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This is not the first time that a “protagonist” turns out to be something “other,” in any art form. One only has to look to The Road (a big inspiration for the game) and stories like Watchman to see the trope used in similar ways. Yet, what makes The Last of Us so amazing and worth the discussion is that it puts the actions in the hands of the player.

In other media, we see the drama play out, and we are merely observers to the actions.  We see the characters rationalize their behavior, and we follow along. Yet, in a game-space it is the player that acts and rationalizes the actions that he/she must take. The greatest games have narratives that ensure that the player rationalizes those actions.

Nothing could be worse for game’s narrative than ludonarrative dissonance. In other words, for there to be a disconnect between player actions and narrative direction. It is jarring and can take the player out of the moment; to the detriment of the game. An easy example of this is Grand Theft Auto IV‘s Niko Belic, who bemoans his life of violence; but continues to commit heinous acts. Because there is a perceived gap between the Niko that the player sees and the Niko the player controls, there is less investment in the proceedings.

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What The Last of Us does so incredibly well is not only remove that dissonance, but have such a strong narrative and emotional component that by the time end game occurs there is no question of what needs to be done. For hours and hours of gameplay, TLoU actively builds the player’s relationship with Ellie. There are optional conversations with her, comics you can pick up for her, and small personal moments that draw you into this relationship.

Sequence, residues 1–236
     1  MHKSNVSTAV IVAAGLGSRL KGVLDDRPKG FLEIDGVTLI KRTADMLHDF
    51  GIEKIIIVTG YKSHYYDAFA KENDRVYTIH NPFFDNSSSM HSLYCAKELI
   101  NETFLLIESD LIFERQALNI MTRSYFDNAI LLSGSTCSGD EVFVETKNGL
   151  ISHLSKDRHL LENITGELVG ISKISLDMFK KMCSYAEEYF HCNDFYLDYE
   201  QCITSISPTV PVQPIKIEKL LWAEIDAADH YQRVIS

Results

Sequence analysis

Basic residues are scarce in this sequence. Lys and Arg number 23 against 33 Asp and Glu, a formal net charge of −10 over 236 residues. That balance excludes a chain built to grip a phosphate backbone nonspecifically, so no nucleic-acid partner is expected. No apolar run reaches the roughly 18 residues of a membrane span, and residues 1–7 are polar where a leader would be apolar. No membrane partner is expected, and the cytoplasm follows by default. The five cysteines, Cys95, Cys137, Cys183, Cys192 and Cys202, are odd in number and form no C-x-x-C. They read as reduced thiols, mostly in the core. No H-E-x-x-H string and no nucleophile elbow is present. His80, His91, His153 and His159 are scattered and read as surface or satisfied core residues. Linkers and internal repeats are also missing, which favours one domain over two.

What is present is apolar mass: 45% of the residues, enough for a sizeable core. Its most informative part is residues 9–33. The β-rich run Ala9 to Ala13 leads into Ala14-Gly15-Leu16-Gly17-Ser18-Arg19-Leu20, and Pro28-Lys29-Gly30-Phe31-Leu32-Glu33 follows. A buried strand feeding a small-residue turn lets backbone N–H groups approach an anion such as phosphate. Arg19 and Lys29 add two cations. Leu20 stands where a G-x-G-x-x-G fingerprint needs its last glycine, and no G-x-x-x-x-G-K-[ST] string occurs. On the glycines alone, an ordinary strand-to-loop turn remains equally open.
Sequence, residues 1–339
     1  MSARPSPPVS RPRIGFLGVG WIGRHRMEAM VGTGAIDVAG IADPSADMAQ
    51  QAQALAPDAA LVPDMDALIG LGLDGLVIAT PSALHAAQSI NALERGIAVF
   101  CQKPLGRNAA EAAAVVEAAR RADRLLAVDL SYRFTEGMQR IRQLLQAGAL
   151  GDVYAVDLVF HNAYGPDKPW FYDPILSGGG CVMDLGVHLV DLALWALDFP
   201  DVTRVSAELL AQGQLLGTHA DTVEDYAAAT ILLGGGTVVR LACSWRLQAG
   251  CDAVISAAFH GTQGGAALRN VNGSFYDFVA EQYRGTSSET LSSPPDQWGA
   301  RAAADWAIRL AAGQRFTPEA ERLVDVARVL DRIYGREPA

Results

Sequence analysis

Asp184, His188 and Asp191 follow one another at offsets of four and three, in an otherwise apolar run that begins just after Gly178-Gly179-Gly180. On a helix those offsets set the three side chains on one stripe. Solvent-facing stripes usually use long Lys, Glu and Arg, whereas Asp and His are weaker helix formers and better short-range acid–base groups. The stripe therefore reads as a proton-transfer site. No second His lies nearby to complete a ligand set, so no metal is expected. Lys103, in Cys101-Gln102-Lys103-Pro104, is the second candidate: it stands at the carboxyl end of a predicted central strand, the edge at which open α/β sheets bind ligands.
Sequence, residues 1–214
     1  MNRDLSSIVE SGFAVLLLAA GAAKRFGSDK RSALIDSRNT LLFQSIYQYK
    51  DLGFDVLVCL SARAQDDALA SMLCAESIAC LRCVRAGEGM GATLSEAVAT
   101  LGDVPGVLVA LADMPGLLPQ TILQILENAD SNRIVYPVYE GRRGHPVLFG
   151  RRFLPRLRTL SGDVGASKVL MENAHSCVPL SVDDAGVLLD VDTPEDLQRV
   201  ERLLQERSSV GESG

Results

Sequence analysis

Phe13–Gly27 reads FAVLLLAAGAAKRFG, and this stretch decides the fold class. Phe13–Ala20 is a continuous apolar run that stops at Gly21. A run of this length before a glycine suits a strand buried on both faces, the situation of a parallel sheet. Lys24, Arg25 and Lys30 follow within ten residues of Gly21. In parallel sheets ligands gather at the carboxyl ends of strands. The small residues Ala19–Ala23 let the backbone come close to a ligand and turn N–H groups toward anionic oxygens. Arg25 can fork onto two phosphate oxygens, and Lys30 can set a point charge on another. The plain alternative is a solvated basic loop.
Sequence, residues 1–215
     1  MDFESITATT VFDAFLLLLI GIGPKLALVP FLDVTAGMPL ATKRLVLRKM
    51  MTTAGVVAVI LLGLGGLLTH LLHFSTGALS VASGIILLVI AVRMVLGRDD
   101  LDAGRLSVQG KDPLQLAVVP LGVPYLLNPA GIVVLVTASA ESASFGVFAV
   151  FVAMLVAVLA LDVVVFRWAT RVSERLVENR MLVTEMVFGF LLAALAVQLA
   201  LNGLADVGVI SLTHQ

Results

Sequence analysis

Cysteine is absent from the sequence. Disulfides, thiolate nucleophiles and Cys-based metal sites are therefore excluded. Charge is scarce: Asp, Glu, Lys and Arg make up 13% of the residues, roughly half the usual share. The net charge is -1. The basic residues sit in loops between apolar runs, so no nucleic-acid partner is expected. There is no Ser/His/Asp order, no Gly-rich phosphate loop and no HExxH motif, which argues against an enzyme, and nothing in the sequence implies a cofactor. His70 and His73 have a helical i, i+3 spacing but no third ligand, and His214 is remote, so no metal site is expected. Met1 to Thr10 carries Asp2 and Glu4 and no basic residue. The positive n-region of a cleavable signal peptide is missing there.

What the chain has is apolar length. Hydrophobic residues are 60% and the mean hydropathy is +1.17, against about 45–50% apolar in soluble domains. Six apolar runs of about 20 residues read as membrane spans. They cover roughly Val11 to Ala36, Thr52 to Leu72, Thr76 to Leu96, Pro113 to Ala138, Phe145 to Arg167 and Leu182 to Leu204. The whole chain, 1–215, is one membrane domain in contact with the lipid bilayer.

It is a credit to the creators and writers that by the end of the game, you not only want to protect Ellie, but are willing to kill for her. A few games go that far and are that successful with their stories; but none have ever staked the future of humanity on them.

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In a world full of terribly tragic things, gore, and violence; Ellie gives Joel and the player hope. You see people die all around you, you kill just to survive, and one little girl and her book of bad jokes is the only thing that makes this place a little brighter.

The true horror of The Last of Us isn’t the violence, but rather the fact that it is a world that makes good men do bad things…

…it makes the player do BAD things.

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This is something that only this type of art form can do. The player is complicit in the actions of the character, rationalizes those actions, and completes them. That’s not something that can be done in books or movies, and is one of the reasons this story is so powerful for so many.

As gaming continues to “grow up,” we’ll continue to see more mature and different types of stories come out of that growth. The Last of Us isn’t a flash in the pan, but the vanguard of a new type of storytelling. It is definitely something to experience on your own, and something to look forward to in the future. I look forward to the next time I can wake up after beating a game and realize that I am the bad guy….